While Google Calendar is a great way to keep organized, people have found another use for it. Using Google Calendar and the new “Search Public Events” feature, people are able to scoop up “private” corporate data that’s probably meant to be private, but is set for the public to view.

Google Calendar allows users to select whether they want the content of their calendar private or public.  If it’s made public, the data within those calendars can be returned in the Google Calendar search results.


According to PC World, information has come up in search results about vendor meetings, and the names of projects in the works. Dial-in numbers and passcodes for business meetings are also turning up. One example they came across was details for a JPMorgan Chase & Co conference call regarding a “SAN Security Remediation Project.”

The problem is that people use Google Calendar to keep themselves organized, so they include all of their important business meetings and events in detail, apparently not realizing that they set their calendar to public.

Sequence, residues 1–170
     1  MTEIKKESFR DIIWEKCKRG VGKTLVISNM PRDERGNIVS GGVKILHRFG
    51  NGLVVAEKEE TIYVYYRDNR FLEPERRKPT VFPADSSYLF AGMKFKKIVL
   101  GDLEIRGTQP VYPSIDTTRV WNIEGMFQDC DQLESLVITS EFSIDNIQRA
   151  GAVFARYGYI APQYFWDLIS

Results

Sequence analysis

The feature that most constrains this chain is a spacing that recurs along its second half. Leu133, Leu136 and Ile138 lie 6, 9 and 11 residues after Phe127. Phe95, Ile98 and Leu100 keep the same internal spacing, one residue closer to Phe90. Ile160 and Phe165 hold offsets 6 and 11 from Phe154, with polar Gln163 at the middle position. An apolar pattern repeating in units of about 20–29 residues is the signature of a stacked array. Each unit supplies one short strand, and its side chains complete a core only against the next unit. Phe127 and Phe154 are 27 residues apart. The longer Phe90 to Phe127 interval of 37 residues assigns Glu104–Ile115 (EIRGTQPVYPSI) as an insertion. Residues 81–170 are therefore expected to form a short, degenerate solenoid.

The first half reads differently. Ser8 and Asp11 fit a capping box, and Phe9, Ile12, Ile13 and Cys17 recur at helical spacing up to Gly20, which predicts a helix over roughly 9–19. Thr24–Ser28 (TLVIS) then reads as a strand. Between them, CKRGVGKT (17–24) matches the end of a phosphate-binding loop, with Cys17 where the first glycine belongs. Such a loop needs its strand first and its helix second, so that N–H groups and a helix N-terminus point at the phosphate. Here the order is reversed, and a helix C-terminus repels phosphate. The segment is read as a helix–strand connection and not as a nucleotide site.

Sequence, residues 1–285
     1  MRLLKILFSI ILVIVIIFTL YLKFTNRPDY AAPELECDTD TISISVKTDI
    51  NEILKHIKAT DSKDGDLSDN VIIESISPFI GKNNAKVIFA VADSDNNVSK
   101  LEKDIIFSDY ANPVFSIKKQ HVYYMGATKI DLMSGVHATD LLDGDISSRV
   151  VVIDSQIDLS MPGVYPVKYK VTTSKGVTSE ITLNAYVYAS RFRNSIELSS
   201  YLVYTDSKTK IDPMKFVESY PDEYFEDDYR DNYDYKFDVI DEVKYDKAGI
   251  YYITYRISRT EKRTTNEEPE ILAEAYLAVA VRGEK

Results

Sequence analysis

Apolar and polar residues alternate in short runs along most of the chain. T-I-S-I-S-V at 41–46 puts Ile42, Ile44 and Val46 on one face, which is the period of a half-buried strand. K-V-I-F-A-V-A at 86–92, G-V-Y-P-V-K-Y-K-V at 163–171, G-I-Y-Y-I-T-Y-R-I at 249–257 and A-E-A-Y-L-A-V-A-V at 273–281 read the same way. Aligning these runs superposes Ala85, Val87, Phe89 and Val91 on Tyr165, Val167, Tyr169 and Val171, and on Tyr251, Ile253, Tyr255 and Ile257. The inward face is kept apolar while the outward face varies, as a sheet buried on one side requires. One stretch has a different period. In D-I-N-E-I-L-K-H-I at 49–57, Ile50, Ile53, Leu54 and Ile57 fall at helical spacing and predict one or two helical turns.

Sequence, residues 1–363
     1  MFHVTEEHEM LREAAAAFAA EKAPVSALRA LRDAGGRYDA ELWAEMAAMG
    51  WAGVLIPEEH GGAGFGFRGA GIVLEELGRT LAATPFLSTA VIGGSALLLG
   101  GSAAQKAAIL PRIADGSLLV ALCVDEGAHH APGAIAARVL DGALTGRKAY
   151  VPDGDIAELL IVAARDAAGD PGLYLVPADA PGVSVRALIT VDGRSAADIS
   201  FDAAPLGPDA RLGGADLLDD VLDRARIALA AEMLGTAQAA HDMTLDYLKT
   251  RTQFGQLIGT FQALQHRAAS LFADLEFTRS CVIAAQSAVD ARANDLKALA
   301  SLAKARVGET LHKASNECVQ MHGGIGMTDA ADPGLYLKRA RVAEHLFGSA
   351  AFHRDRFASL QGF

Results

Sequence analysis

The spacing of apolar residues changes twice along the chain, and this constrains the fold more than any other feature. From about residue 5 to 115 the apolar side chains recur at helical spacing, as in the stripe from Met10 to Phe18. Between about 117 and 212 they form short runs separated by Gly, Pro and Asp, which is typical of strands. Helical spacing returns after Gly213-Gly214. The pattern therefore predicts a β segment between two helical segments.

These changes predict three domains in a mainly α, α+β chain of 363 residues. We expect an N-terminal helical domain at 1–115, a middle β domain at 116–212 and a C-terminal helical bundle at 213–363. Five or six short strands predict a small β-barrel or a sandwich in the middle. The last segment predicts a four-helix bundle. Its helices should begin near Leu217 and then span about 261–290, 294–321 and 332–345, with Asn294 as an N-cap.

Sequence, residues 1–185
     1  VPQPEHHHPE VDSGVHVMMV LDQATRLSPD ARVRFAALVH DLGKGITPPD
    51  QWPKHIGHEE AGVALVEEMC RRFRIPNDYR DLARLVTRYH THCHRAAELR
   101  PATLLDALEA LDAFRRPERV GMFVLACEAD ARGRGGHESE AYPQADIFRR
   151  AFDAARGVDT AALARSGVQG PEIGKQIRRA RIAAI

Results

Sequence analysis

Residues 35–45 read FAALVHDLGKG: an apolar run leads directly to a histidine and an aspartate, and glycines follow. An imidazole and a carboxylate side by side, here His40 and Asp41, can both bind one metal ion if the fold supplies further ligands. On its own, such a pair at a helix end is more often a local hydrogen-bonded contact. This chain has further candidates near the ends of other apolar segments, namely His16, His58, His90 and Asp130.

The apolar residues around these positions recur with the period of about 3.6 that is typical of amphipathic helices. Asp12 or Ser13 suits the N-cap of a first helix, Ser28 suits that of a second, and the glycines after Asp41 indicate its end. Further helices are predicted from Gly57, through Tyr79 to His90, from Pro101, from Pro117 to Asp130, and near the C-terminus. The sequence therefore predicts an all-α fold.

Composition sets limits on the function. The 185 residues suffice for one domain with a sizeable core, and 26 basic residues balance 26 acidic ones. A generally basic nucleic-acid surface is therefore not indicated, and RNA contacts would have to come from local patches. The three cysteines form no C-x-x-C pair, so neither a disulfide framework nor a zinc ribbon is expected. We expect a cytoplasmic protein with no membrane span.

I decided to go see for myself what kind of corporate data I could find, and so I went to Google Calendar and typed in “passcode” as my search term, and clicked “search public events.” It came up with hundreds of results with most of them containing telephone numbers and passcodes for conference calls. Results like:

  • Apple Conference Call Northern California (link)
  • NASA Academy Operations Forum (link)
  • IBM Sales Event (link)

Will companies restrict their employees from using Google Calendar and other online methods for organization because of this? It’s not a likely way for sensitive information to get leaked, but it’s happening. The users are the ones to blame because they’re not setting their calendars to private, leaving the World to see everything!

This is one reason why public applications just don’t do well with corporate users who clearly don’t know how to use the application appropriately.